November 19, 2012

Crazy Cable Blanket Debrief (With a Bonus Border Pattern)

So, I finished Crazy Cable Blanket:

Yet I cannot make my bed well, or pick up the shoes I haven't worn in months.
It's all done.  Border, blocked, everything.  I can't believe I managed to finish it.  The label I sewed on it says it all:

I ordered them from KnitPicks, but other retailers may have these labels in stock as well
Anyway, since this took about a year and a month of my life (though if I had worked on it consistently, it would have been more around eight months), I figured I go into detailed 'debrief' of the pattern for anyone who's crazy enough to make one.

The Pattern
The pattern I used for the blanket itself was Alice Starmore's St. Ciaran (missing accents; sorry) from the reprinted version of the book Aran Knitting (it may be in the original as well.  I don't know and I can't vouch for that version).  Like all of Alice Starmore's cable work, it is interesting, creative, intricate, and absolutely crazy.  What made this more fascinating is the idea of having cables form Celtic patterns, which involves learning how to make the cable appear like it's making a bend when in fact that's where you started or ended the cable.  As I love cables, and I like Celtic designs, I loved this.  Hell, I bought Aran Knitting because I saw this pattern knitted up in a KnitPicks catalog.

However, the Celtic cabling is also what made the pattern challenging.  Now, honestly, the pattern and the charts that go with it are flawless.  I had no problem learning how to read the chart, setting it up, and following it.  I did have some issues the whole 'start and finish the cable in the middle of it' step in the beginning, though.  The first couple of times I screwed up and had to re-start the blanket.  But after that, all my mistakes were more due to my momentary lapses in paying attention more than anything (can you blame me? Knitting solid cables 200+ stitches across gets a bit tedious, no matter how much you like the pattern).

The other interesting thing about this pattern is that it's actually supposed to be a shawl.  However, it's a really big shawl...what most of us would call a small blanket.

For anyone who wants to attempt the pattern, the advice I'd give to you is:
  1. Use a 60" circular needle.  Use a good quality one as well; you will put stress on the joins between the cord and needle with this pattern and you don't want them popping mid blanket.  However, you will not get far with straight needles unless you are so against circulars you insist on using them.  Your sanity and wrists will thank me later.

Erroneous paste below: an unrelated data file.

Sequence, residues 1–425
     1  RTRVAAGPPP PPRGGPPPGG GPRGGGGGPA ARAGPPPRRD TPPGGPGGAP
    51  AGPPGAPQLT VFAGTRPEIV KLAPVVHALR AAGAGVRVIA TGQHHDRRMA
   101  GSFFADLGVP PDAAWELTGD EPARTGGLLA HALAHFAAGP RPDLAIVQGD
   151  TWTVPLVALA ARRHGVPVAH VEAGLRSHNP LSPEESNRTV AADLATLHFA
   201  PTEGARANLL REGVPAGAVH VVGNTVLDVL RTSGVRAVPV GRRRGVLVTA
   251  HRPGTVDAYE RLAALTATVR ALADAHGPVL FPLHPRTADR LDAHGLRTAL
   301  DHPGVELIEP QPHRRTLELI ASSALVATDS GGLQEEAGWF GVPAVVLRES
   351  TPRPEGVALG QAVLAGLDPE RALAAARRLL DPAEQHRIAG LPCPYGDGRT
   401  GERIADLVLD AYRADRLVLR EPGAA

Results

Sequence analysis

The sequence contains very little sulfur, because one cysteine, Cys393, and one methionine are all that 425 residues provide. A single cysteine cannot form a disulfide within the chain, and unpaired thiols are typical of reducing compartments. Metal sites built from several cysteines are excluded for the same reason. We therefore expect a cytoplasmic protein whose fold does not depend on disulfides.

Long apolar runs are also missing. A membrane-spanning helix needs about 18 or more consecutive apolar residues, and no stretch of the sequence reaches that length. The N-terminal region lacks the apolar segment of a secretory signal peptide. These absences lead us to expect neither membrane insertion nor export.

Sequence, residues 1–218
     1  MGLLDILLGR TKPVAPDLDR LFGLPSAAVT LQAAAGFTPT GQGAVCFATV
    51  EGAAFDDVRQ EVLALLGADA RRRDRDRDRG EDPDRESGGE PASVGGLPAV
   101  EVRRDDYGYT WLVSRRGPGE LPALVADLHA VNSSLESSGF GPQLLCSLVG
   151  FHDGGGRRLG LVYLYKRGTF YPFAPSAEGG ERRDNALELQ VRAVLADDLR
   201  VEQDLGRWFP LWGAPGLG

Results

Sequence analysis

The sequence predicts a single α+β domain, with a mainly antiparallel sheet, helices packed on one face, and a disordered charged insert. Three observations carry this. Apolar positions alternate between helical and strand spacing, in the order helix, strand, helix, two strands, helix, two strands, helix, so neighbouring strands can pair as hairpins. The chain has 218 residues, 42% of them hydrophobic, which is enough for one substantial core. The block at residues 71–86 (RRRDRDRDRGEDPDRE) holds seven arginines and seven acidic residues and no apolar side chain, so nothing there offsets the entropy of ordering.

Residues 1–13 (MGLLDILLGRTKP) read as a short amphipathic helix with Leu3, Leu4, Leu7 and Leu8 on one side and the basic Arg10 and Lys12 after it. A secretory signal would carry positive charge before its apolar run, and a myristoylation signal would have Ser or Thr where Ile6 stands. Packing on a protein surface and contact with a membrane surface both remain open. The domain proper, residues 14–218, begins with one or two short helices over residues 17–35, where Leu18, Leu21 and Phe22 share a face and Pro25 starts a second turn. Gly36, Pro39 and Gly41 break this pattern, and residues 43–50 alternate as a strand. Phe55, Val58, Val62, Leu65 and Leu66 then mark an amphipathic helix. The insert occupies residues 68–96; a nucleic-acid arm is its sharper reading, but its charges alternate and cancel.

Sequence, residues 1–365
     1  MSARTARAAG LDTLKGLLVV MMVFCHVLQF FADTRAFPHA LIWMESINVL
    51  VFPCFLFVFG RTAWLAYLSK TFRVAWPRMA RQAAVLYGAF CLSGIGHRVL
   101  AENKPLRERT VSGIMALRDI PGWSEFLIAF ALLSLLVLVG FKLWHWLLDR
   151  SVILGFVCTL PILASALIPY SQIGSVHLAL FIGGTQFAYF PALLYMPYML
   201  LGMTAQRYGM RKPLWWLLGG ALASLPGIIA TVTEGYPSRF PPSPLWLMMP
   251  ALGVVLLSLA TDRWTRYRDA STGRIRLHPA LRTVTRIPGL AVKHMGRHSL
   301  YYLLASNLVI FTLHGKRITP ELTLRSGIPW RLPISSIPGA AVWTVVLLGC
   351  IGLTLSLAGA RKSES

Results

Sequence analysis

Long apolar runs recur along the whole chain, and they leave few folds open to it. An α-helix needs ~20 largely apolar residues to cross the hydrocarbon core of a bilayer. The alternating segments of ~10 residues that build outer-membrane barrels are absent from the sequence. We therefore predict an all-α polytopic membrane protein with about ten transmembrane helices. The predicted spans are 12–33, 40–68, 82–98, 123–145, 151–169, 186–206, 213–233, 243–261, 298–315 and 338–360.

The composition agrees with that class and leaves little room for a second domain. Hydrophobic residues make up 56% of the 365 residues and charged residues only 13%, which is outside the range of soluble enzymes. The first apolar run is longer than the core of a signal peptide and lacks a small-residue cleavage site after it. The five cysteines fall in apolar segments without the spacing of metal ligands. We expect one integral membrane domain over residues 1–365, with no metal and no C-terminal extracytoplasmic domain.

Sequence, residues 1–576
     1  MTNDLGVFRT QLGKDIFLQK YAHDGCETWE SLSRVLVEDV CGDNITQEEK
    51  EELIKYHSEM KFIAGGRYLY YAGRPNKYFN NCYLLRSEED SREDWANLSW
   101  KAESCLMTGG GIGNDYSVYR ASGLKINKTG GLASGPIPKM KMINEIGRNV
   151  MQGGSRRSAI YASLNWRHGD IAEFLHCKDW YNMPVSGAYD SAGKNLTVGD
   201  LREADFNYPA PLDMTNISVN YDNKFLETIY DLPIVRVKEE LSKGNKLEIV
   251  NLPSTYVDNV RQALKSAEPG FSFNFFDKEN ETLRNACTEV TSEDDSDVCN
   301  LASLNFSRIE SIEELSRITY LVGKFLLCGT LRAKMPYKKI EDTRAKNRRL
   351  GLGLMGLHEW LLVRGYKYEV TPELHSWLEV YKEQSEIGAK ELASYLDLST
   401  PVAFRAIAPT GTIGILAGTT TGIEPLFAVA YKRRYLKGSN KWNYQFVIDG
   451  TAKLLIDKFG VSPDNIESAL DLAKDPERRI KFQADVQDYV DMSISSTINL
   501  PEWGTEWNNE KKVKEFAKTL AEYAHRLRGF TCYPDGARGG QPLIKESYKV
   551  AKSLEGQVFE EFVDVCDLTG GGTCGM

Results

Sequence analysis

2.  I know it's a blanket, but for the love of the knitting goddess, SWATCH FIRST.  If you're too lazy to swatch one of the charts (which is recommended to learn how to do the cable from nothing trick before you start the blanket and then have to re-start it), at least swatch in stockinette.  Alice Starmore's patterns are notorious for tight gauge (I think I saw someone call it 'bullet-proof'; it's not too much of an exaggeration).  You may have an issue with it and have to go up a needle size or two, depending on the yarn used.
  3. While I used an acrylic/nylon blend successfully, I would still recommend going will some sort of wool, wool blend, or some other flexible, springy yarn for this blanket.  You will enjoy knitting it more with a yarn that doesn't mind going through some gymnastics, because that's all this pattern is.  You may find a different fiber that will work, but tread carefully.  If you need machine washable like I did, you may have to compromise on ease-of-knitting a bit, however you must triple-check that your chosen yarn won't send you to the wrist doctor for pain either (Ravelry reviews of other knitters having done cables with said yarn are a godsend for this).  This is also why you need to swatch, hopefully before you commit yourself to buying all the skeins.
  4. On the other hand, the yardage you will get by calculating it out of the pattern is a bit more than you need, unless you're knitting more loosely or putting the fringe on.  I used a little under 2100 yards on the blanket itself as written (minus the fringe), but bought 2730 yards based on the pattern.  With my border, I used about 2520 yards.
  5. Put stitch markers where each chart ends/begins.  They don't really get in the way and they help you see where all the charts are.
  6. Have separate row counters for each chart, along with one representing the whole blanket. You can use an app for this if you don't want five string-on counters on your needle cord.  The benefit of the app is that most of them will switch all the counters with one button push.  The downside is that you need your phone/tablet around and not dead whenever you knit.
  7. It may be easier if you photocopy the charts so you're not flipping back and forth in the book. I insist on it if you're using a library copy or someone else's copy of Aran Knitting. I didn't do this, and  I broke the spine of my book and the pattern pages de-attached. I had to duct tape them back in. Twice.